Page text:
In one night shift, a clumsy plot of thieves west of Charlotte, North Carolina stole over $17 million from Loomis Fargo.
It took a lot longer to pay out the money, and the US government is running out of time to collect the money.
It turned out that most of the thieves and their accomplices were just as effective at concocting court-ordered restitution as they were at hiding their original crimes.
Twenty people were convicted of large and small roles in a major robbery of an armored car depot in 1997 in western Charlotte. Fourteen defendants were ordered to pay restitution to Loomis Fargo totaling nearly $19 million.
So far, only five cents on every dollar have been collected.
Loomis received $978,983.79, according to Sally Butcher, an assistant clerk in federal courts for the Western District of North Carolina who specializes in criminal debt. More than half of the amount came from the confiscation of a luxury home purchased by the accused husband and wife during their post-robbery spending.
That sounds like a lot of money until you compare it to the $18,930,201.26 the band was ordered to pay.
Restitution is a familiar part of sentencing in federal court. The numbers can be staggering. For example, in 2017 Paul Burks of Lexington was ordered to pay $244 million to victims of his worldwide Ponzi scheme, Zeek Rewards. Burks was also ordered to serve 15 years in prison, which limited his ability to keep records.
The General Accounting Office report states that as of fiscal year 2016, $110 billion in restitution ordered by federal courts had not been paid, and that more than 90 percent of the amount was classified as “uncollectible.”
The Loomis case is another example where the amount of ordered restitution and the amount actually paid are two completely different figures.
— This is pretty standard in matters of restitution. Some of that money just went away. It’s on the air. It’s impossible to get him back,” Butcher told The Charlotte Observer. “And with Loomis, we’re only looking at one case. Every year there are several thousand of these things. We don’t have the manpower to keep track of all this (restitution) money… I pay (restitution) to thousands of people, but it’s in drops and crumbs.”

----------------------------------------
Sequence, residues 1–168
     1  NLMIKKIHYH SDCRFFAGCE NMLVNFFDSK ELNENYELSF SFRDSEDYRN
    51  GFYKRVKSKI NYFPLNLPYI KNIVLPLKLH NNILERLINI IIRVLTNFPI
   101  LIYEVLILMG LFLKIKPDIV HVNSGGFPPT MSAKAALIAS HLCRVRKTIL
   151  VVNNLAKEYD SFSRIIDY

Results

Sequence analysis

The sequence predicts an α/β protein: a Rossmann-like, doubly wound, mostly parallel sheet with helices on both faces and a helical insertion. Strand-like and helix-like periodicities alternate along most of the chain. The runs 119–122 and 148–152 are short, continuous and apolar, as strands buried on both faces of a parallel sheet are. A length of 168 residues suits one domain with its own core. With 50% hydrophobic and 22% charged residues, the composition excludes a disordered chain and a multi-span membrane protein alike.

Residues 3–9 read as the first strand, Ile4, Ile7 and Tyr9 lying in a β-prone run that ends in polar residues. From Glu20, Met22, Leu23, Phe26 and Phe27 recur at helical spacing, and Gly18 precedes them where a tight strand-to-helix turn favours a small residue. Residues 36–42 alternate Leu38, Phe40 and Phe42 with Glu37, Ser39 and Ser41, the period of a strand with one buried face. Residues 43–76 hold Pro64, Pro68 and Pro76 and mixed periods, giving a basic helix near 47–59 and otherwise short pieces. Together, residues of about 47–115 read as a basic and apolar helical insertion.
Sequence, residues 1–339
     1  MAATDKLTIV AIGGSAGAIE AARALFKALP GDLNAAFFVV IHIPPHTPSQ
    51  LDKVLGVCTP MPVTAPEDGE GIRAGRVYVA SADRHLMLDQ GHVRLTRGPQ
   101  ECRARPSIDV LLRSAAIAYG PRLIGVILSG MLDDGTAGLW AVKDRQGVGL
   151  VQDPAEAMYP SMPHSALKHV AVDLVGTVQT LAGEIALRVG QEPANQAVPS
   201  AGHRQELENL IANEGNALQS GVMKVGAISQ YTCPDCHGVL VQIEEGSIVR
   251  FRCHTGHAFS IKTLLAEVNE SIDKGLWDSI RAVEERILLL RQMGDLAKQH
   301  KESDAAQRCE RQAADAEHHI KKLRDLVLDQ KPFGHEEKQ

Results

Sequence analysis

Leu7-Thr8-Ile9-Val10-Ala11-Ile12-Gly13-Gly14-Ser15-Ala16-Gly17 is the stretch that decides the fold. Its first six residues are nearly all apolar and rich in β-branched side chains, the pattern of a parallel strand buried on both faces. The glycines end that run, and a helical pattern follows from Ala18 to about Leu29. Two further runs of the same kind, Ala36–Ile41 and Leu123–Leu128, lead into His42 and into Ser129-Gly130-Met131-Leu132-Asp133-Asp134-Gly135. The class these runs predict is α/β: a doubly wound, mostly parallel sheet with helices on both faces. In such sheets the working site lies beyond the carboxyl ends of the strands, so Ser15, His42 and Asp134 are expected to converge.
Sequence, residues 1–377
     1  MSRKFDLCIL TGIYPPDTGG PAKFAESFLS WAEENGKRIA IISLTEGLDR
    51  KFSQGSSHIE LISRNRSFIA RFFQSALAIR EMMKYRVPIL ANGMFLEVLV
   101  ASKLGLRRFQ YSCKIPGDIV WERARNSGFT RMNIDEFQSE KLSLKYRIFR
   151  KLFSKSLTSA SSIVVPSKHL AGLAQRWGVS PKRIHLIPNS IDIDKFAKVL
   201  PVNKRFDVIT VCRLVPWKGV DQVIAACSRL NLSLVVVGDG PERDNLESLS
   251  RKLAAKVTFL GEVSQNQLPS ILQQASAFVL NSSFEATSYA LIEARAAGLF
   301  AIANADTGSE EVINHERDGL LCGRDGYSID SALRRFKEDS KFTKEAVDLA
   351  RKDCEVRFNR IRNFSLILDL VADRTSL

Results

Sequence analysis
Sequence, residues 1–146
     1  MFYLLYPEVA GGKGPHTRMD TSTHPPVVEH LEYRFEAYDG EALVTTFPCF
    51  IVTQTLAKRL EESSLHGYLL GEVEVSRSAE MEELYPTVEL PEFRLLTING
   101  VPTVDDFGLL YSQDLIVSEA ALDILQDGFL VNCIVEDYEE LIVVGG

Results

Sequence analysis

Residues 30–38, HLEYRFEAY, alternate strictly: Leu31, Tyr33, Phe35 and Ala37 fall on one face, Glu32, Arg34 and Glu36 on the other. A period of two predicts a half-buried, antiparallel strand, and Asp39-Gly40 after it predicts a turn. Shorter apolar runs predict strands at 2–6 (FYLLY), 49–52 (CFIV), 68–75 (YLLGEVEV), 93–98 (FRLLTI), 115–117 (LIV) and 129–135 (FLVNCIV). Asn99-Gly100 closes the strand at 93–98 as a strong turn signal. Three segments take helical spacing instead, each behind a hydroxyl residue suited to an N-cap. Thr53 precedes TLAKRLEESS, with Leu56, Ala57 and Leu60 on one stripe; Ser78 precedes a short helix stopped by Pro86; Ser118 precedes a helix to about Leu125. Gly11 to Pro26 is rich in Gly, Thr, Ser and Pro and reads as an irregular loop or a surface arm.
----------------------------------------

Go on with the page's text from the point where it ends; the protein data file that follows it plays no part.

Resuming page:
On October 5, the Loomis robbery celebrates its 25th anniversary. Theft—at the time the second-biggest cash robbery in U.S. history—became the brunt of ridicule in films and books, mostly about how thieves, who had little money to begin with, could not control their spending habits once they did it.
The case resurfaced in federal courts on Thursday, Sept. 1, when U.S. Attorney’s in Charlotte released a public reminder in the case file of Defendant Loomis Kelly Campbell that she was behind on restitution. Campbell, a former Loomis employee and one of the original masterminds of the scam, paid out less than $21,000 of the $4,701,694.18 she received.
Campbell’s last official payment was made in June 2021, when the government appears to have secured an $81.24 tax refund, Butcher said.
Jim Gronquist, Campbell’s defense attorney during the Loomis case, says the financial penalties imposed on his client and her co-defendants are grossly excessive and unfair, especially given that much of Loomis’ stolen money was actually returned.
“Anyone who enters this system is a victim of its chewing,” Gronquist, who is now retired, said in an interview with the Observer. “Why do we find it necessary to treat people this way, saying, ‘OK, we’ll just ruin the rest of your life because you made the wrong decision.’
“Punishment should not last a lifetime. Punishment must be fair and realistic. You can’t fine low income people millions of dollars. What purpose does this serve, other than to denigrate this person to extreme poverty?